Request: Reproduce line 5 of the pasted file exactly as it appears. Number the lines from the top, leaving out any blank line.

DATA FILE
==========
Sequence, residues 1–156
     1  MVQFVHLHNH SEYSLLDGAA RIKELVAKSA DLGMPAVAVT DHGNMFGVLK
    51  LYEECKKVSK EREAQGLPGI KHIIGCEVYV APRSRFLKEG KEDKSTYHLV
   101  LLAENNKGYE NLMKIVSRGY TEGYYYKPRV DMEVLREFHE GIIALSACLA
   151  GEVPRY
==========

   151  GEVPRY